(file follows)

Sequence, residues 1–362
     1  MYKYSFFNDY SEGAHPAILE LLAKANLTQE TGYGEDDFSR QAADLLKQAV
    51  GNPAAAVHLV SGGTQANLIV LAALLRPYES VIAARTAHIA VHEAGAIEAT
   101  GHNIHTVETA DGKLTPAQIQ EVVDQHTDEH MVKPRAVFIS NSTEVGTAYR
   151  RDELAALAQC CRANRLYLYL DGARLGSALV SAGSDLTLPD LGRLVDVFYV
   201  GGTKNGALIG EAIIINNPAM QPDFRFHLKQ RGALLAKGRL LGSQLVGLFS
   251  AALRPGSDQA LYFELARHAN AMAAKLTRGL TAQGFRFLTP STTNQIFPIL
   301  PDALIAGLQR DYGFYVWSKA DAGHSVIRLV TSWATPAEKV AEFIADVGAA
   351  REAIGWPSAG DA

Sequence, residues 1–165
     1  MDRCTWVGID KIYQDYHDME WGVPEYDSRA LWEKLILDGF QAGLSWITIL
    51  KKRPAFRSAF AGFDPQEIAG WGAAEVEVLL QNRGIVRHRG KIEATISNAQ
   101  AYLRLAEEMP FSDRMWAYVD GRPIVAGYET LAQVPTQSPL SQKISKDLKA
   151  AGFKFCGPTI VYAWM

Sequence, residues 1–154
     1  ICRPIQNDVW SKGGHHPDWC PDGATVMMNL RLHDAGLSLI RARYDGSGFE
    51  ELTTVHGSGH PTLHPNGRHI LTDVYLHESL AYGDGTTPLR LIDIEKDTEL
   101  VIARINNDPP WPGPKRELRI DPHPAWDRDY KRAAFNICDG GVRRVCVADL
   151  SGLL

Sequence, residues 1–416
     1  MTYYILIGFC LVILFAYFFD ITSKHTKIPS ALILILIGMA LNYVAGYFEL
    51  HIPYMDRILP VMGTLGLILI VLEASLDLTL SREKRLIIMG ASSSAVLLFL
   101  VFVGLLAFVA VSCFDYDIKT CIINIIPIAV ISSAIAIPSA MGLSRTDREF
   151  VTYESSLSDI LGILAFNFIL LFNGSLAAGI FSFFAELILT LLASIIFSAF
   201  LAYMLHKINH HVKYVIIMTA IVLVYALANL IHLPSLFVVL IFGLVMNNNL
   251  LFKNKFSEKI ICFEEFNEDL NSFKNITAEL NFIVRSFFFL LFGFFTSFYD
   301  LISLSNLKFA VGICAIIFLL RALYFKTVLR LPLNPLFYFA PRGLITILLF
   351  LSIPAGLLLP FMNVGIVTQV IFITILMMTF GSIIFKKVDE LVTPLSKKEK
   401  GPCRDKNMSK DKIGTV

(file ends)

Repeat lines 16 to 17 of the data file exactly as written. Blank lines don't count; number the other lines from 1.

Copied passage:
     1  ICRPIQNDVW SKGGHHPDWC PDGATVMMNL RLHDAGLSLI RARYDGSGFE
    51  ELTTVHGSGH PTLHPNGRHI LTDVYLHESL AYGDGTTPLR LIDIEKDTEL